We face this decision many times each day. What should you do when you come to the end of your allotted time, but you’re not quite done with your task? This problem may occur early in the morning, when it’s time to leave for work or school, but you’re in the midst of a non-essential task. Or when you’re in mid-task at work, but it’s time to go to a meeting or class. You begin to bargain with yourself. I'd really like to get this done. It won't matter if I'm a few minutes late.... And then 5 minutes becomes 20 minutes, and you're late again.
What’s the best thing to do when you’re out of time but have not yet completed the task at hand? Sticking to your task may seem like the best decision at the time. Just a couple more minutes, and you can have the satisfaction of checking that task off your mental to-do list. But you’re probably making your decision with a very short-term view rather than thinking about your larger plan for the day.
Working overtime on one task has a cascading negative effect on your schedule as well as the schedules of others. You may need to make multiple emails or phone calls to explain why you can’t meet other commitments on time. And then there's the negative message to your colleagues that your agenda is more important than commitments you've made to them. Not to mention the need to reschedule the tasks that go undone because you spent more time on earlier tasks. Unless your task is truly urgent, it’s usually best to stick to your schedule rather than stick to your task. Learn to tear yourself away on time, and reschedule the final steps of your incomplete task. You'll find that your days are less stressful, and your new on-time policy will be welcomed by everyone you kept waiting in the past!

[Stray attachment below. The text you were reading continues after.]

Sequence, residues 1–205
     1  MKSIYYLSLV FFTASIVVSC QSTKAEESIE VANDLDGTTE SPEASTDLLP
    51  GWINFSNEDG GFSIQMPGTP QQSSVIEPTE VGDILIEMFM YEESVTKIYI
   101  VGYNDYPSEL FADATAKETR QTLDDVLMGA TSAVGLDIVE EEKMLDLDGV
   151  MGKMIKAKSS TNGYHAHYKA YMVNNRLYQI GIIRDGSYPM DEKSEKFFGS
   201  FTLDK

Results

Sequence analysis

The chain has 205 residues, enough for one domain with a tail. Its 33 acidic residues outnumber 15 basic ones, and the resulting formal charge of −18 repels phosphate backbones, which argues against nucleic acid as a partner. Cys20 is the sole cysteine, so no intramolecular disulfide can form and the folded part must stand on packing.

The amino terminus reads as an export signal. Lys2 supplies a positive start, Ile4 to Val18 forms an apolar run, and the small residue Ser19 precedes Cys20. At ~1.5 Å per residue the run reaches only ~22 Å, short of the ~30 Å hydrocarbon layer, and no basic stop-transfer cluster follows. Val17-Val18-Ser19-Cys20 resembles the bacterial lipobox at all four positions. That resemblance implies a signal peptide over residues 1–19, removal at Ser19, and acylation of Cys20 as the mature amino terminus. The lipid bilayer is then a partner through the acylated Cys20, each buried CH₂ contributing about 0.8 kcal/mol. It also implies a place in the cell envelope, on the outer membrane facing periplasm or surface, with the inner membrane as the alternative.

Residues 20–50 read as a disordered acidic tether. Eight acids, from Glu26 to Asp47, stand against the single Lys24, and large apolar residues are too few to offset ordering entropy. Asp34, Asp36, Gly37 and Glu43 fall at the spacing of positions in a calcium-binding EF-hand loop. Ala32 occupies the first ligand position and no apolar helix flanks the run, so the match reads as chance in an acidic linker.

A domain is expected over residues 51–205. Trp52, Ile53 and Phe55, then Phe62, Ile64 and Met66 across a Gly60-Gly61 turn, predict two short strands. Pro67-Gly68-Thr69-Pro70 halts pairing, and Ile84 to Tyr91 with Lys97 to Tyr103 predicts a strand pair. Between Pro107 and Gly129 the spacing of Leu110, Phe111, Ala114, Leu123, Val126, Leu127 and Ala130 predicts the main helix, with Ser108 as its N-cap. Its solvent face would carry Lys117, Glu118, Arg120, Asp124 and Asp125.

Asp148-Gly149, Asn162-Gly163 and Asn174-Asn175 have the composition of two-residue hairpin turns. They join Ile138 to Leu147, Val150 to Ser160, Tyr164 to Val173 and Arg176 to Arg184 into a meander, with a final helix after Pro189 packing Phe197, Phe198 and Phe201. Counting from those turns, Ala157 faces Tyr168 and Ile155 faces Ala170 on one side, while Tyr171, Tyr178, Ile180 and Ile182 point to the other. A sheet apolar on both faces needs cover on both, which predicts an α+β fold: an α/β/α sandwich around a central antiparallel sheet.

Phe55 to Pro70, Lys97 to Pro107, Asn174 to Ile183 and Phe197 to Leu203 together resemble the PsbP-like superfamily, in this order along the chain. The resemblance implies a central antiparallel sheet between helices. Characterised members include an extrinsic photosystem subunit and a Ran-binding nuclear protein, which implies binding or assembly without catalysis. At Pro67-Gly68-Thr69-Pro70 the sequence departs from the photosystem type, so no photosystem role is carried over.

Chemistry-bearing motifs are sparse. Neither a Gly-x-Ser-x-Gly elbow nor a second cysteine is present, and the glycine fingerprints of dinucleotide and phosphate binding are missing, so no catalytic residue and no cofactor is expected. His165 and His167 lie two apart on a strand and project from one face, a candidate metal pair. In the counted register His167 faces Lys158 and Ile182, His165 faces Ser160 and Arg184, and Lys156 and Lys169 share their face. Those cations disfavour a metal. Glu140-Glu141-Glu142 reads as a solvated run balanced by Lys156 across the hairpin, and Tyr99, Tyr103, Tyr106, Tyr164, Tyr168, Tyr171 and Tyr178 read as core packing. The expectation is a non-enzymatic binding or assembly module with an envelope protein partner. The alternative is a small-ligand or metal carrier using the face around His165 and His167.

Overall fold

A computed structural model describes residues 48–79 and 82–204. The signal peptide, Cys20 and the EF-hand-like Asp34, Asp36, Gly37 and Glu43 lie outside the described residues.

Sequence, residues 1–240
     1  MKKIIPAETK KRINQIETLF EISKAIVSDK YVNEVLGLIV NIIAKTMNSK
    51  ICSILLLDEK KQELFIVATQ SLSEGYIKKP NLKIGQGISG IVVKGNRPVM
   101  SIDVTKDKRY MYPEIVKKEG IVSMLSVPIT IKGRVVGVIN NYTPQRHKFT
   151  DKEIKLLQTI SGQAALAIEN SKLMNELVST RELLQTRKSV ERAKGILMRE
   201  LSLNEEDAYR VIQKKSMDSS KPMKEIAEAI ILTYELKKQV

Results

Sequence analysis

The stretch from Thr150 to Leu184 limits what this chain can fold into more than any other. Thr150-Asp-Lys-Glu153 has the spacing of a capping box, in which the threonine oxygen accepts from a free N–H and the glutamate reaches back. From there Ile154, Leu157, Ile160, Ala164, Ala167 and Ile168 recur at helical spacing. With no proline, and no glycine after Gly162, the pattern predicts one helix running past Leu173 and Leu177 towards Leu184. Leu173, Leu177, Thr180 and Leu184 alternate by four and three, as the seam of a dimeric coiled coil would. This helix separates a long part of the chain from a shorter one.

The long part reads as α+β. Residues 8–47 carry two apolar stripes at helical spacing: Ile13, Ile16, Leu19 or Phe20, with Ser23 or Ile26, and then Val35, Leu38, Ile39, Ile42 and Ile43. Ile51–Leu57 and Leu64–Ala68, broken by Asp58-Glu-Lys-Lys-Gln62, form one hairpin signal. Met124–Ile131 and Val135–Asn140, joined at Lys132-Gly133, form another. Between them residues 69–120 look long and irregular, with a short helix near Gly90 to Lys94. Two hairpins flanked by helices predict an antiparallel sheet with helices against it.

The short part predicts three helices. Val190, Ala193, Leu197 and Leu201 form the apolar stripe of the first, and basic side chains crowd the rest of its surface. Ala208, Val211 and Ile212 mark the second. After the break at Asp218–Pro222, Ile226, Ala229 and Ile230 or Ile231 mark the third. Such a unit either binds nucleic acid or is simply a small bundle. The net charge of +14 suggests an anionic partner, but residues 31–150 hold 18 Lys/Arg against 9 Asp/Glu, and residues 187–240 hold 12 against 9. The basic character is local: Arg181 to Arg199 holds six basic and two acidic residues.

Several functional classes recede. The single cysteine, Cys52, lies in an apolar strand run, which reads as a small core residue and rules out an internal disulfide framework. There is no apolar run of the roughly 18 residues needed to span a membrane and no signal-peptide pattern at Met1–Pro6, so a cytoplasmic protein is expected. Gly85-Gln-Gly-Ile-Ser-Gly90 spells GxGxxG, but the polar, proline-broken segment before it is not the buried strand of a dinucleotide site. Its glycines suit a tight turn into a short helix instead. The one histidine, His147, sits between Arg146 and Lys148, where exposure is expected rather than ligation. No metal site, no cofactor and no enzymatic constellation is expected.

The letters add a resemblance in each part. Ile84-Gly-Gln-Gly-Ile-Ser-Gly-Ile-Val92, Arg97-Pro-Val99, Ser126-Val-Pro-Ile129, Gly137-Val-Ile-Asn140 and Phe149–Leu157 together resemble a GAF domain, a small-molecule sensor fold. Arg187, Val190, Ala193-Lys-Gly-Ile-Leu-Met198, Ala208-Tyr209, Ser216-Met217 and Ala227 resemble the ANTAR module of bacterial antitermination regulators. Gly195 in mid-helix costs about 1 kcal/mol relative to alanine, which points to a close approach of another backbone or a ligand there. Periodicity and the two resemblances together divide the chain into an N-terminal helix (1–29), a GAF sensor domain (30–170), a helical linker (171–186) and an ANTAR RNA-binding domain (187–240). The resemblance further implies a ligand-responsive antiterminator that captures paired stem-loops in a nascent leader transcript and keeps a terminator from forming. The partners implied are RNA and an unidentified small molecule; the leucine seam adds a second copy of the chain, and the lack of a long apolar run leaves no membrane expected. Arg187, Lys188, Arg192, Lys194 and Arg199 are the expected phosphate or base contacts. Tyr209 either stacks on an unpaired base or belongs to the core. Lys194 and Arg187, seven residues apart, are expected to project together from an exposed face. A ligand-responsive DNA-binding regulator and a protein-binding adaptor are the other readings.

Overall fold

The Skoach Approach
If you rarely complete a task when it’s time to move to the next one, you are probably underestimating task duration. When you schedule tasks in Skoach, try increasing the time you estimate for each task by 15 minutes until you see a pattern of on-time task completion.
Another Skoach approach is to leave a little “wiggle room” between scheduled tasks. For example, try leaving 15 minutes of unscheduled time between each scheduled task during your day. The Auto Plan tool can be configured to “space out” tasks by a specified amount of time. Just click on “Preferences” to set a comfortable between-tasks buffer.
Alternatively, schedule regular "catch-up" time as a recurring task on your schedule. For example, try scheduling a half-hour of "catch-up" time at the end of the morning, before lunch, and again at the end of the day. You will find that your day runs more smoothly, and you’ll finish the day feeling more accomplished!
So, change your mantra from "Always late, but worth the wait," to "On time and feeling fine!"
Time Management Questions
Do you have a pressing life management question? Send it to KNadeau@skoach.com.